Reply by newwoodbutcher

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Posted on Using Lee Valley Aniline Dye for the first time...

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798 posts in 3459 days

#1 posted 02-17-2012 12:35 AM

I have learned the hard way one should never, ever apply a coat of anything to their finished project that hasn’t been completely tested on a sample board from the same material all the way to the final top coat.
When you have invested your time money and gorgeous material up to the final finishing stage, you always test. Never practice with live ammunition here. If you’re lucky you might like it, if not???
My recommendation is to make yourself one or sample boards as you are milling material in the beginning of the project. I like to make them 4-5 inches wide and about 20” long. Using a ¼” dado blade on my table saw and using my niter gauge I cross cut shallow grooves ¼’ deep about the same distance apart as the board is wide on both sides ( so I end up with about eight 4”x4” sample boards all attached), sometimes I make two. Then I apply the dye on one of the 4×4 test board at half or less the recommended strength, apply more coats to achieve the color you want after it dries apply a first (and thin) top coat, de-waxed shellac is my choice here once it’s thoroughly dried try knocking down the stand up slivers with a piece of burlap or perhaps even a paper towel. Sometimes just running your hand or a soft cotton rag over the surface will break them off. Then continue adding topcoats of tour chosen finish till you achieve the results you want. On the edge of each test I write the recipe so I can duplicate that exact finish. If when you get to the last coat you just love it, you’re done and you have recorded the recipe. If not move over to the next sample and try something else. I often have 3-4 samples going at the same time.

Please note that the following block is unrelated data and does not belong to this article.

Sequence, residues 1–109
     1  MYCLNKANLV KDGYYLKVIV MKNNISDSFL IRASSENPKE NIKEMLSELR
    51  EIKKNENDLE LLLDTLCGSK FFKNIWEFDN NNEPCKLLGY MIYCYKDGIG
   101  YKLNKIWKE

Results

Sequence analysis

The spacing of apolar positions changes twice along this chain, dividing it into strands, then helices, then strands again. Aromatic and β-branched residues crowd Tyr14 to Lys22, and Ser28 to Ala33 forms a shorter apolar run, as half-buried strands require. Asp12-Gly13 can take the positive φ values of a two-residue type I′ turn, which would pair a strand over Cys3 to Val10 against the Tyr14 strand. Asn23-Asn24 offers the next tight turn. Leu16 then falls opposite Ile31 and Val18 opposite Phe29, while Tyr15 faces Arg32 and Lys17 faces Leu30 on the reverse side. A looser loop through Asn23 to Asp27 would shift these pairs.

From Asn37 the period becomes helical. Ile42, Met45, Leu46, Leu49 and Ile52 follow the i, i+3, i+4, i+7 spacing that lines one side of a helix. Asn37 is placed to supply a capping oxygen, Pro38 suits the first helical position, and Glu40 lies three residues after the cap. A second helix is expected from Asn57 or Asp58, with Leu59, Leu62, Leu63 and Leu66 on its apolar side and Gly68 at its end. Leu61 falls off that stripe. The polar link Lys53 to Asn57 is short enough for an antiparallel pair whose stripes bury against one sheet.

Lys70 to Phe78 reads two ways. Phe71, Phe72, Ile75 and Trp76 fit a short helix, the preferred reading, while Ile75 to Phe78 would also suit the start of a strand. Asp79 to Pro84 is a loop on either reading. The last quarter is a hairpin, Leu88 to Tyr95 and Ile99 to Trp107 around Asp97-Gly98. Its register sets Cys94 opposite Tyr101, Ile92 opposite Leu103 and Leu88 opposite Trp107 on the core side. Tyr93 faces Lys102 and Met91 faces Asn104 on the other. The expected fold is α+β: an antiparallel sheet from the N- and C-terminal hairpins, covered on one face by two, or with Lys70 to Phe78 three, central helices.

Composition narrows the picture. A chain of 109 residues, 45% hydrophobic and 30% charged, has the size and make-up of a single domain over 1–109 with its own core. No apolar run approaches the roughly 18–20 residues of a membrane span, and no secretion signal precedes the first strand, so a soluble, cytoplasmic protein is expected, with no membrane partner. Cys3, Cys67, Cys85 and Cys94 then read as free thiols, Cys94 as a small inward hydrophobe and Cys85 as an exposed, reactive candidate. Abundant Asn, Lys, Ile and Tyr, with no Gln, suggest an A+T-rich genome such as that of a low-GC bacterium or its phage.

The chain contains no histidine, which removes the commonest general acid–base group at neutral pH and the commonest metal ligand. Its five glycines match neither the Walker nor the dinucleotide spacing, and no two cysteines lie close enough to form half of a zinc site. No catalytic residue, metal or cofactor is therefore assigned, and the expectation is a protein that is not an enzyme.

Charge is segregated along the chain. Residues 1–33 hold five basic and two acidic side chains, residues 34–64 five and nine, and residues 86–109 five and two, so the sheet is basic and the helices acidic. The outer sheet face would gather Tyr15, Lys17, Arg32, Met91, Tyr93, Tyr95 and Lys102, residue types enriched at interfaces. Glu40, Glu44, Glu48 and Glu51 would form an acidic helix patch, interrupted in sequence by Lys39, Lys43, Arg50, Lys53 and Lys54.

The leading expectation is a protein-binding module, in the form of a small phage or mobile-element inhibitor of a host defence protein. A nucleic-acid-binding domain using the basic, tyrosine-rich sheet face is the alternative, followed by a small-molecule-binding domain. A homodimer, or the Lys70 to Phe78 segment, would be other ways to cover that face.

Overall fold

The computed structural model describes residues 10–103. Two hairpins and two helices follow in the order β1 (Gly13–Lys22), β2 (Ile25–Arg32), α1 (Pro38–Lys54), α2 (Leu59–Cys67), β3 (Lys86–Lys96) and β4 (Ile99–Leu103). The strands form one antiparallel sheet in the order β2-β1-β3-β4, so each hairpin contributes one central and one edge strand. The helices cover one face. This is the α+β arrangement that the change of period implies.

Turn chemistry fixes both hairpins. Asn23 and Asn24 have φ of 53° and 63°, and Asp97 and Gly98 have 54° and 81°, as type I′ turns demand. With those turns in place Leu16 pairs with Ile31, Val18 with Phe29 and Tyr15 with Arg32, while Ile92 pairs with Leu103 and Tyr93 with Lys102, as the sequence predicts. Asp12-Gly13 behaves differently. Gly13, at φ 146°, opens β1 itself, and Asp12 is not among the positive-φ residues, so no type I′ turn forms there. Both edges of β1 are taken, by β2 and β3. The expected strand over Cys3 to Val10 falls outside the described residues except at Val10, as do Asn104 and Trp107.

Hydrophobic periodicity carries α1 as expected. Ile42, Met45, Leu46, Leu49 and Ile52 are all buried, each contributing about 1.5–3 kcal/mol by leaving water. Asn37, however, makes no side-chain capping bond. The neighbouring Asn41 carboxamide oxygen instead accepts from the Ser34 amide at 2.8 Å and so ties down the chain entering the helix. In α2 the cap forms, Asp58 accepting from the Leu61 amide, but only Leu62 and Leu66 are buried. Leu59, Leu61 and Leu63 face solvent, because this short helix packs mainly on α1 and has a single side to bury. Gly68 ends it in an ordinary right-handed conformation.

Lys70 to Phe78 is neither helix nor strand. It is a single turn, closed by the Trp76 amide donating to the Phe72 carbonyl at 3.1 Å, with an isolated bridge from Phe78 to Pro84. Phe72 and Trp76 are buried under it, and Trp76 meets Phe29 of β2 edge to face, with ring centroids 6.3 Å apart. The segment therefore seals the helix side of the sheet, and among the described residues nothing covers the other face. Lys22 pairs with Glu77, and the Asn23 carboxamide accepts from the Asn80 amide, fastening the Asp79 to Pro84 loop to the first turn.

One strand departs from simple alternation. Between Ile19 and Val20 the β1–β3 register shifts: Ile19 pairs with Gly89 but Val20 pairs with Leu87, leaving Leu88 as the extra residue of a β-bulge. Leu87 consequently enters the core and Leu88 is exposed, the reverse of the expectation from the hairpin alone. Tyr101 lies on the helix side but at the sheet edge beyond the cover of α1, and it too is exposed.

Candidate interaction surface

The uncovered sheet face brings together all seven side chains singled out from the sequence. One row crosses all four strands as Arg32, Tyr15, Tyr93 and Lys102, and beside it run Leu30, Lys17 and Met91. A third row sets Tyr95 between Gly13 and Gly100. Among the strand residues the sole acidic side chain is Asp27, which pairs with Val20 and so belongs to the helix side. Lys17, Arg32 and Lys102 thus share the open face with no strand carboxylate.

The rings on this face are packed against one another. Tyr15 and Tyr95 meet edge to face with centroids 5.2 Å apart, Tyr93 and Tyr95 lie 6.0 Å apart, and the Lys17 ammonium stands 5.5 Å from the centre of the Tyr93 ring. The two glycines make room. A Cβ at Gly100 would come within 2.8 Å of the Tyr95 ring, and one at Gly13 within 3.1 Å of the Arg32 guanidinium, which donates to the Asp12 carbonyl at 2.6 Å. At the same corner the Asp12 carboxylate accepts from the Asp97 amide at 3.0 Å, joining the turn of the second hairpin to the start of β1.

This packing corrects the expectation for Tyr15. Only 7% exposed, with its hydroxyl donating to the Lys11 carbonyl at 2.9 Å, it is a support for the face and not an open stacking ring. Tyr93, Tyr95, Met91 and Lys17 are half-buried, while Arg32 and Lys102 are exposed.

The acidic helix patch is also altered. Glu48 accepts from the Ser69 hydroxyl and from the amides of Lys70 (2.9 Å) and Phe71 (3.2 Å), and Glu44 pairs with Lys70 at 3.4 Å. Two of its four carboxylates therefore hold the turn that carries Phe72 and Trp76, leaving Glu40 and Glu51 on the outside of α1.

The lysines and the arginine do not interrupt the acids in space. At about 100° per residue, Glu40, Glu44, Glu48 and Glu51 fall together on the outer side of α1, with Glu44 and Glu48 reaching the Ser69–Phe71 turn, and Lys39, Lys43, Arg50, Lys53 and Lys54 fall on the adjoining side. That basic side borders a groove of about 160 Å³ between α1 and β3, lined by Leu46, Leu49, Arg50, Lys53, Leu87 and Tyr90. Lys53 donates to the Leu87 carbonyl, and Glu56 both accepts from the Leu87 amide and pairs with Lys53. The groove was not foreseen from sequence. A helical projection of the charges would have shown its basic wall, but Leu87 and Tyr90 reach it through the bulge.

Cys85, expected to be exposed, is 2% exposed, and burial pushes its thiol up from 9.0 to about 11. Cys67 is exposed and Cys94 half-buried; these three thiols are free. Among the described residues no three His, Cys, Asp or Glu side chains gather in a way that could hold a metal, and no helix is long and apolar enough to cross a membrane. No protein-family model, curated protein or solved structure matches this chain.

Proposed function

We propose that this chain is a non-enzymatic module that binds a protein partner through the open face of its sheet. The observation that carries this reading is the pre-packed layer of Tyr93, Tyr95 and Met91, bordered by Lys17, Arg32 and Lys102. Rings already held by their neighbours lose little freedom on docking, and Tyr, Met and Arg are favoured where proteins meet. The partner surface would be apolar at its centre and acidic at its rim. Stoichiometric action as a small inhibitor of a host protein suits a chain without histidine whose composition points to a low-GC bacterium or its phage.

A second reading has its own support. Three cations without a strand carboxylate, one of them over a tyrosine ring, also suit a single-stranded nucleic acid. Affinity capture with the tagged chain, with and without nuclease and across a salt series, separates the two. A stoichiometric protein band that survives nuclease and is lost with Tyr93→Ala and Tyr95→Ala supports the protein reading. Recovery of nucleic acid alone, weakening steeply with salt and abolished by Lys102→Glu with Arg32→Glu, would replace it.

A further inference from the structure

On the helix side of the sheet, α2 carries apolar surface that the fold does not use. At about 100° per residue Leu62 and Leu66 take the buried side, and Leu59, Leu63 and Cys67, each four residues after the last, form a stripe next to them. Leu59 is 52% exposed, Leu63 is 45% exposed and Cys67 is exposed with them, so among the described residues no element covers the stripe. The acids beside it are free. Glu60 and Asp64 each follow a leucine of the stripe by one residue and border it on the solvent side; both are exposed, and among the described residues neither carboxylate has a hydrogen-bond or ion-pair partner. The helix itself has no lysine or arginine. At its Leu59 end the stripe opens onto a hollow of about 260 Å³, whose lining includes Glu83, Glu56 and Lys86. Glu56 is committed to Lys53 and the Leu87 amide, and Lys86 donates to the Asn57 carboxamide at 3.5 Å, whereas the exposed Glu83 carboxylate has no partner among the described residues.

On finishes I’m practiced at applying I may just do one or two coats to get the color right.

-- Ken

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